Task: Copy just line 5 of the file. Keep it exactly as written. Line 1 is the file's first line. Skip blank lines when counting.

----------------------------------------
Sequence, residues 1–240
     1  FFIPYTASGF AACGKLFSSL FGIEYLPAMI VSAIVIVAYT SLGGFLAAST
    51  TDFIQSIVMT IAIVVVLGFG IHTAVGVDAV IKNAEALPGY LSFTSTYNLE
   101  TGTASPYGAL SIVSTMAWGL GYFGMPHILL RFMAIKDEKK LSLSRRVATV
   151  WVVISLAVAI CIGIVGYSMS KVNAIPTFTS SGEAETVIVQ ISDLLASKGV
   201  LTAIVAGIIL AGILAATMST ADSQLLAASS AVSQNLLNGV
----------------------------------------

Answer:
   151  WVVISLAVAI CIGIVGYSMS KVNAIPTFTS SGEAETVIVQ ISDLLASKGV